This Cabot’s Tern has a slightly thinner bill with almost no gonys, but it is still very straight, lacking the drooping tip of a sandwich.
This is a typical Sandwich Tern, with a long, slender bill, distinctly downcurved, and lacking any gonys:
Though some Sandwich Terns show a rather pronounced gonys, the bill always looks slender and downcurved:
Note also that in literature it is mentioned that on average, adult Cabot’s Terns shows a more extensive yellow tip to the bill than Sandwich Terns. There is lots of variation in this, and I suspect that like in other terns this variation in bill tip pattern may be related to breeding condition and sex.
Pattern an overall ‘darkness’ of primaries
Cabot’s Tern has generally darker primaries than Sandwich Tern. There is a difference between the two species in both the base colour of the primaries, and the width of the pale fringes to each primary, especially on the inner web. Sandwich tern also shows a pale ‘hook’ on the outer webs of old and new primaries, while Cabot’s tern apparently never has pale markings on the outer webs. It should be noted that in both species, old and worn primaries before moult are darker and have narrower pale fringes, so a worn Sandwich Tern just before moult can look as dark as a freshly-moulted Cabot’s Tern. Therefore, it is important to understand whether the primaries used for identification are fresh or worn.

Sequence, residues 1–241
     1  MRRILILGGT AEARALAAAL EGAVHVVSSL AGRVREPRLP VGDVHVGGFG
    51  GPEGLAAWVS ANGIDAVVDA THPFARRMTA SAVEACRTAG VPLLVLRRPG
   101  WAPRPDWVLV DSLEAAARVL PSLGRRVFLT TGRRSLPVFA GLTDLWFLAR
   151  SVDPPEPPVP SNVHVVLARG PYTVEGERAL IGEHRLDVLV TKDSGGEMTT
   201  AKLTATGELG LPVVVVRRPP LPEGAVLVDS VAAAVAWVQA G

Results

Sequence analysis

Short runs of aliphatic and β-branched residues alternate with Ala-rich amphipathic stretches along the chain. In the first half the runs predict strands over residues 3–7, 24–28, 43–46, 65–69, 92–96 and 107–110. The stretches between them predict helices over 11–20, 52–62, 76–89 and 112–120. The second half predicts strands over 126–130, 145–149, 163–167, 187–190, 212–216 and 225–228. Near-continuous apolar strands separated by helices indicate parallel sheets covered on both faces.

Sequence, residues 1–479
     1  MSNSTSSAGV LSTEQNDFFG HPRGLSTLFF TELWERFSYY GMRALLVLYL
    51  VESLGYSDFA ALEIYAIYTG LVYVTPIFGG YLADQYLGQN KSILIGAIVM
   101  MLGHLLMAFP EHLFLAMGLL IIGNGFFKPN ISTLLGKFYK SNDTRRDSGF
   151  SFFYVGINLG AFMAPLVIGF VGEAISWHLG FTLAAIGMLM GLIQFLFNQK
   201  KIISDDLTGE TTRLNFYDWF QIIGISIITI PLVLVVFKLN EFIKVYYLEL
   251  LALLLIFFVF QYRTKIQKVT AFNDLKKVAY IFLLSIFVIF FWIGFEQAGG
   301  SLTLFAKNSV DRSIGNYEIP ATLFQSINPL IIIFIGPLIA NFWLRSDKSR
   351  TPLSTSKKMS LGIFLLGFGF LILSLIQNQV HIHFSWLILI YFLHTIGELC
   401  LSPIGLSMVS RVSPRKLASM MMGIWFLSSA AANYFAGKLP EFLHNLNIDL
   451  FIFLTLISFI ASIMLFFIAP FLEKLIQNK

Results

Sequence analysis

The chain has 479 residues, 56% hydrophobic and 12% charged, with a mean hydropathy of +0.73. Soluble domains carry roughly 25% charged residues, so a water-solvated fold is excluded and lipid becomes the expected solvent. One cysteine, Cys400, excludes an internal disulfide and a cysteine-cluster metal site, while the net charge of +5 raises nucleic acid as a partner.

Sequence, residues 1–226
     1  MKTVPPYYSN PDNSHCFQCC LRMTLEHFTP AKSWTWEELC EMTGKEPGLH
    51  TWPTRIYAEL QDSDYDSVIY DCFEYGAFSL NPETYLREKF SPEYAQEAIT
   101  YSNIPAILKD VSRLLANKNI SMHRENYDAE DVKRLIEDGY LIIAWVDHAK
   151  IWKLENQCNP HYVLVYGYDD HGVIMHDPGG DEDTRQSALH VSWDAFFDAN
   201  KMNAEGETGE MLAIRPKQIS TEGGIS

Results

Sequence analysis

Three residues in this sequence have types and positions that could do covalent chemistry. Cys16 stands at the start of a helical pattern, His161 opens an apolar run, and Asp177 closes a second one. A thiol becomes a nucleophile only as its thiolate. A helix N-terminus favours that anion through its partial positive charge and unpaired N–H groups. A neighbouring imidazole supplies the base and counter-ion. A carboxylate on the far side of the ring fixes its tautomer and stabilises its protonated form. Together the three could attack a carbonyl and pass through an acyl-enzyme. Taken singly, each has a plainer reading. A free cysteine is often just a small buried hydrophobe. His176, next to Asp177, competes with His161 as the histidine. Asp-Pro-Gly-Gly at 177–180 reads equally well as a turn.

This is a typically dark-winged Cabot’s Tern, in late September:
Check this individual, also in late September: it has an overall paler wingtip, with rather broad pale outer webs. Also, it is not easy to understand the exact pattern of the worn outer primaries. Seem to have no pale on the outer webs but I’m not sure what exactly is going on there:
Sandwich Tern typically gives a pale impression to wingtip, with prominent pale inner and outer webs to outer primaries, that it had almost completed moulting in October:
This September Sandwich Tern has a really dark wingtip, with very narrow pale fringes to visible outer primaries:
Moult (or molt?) timing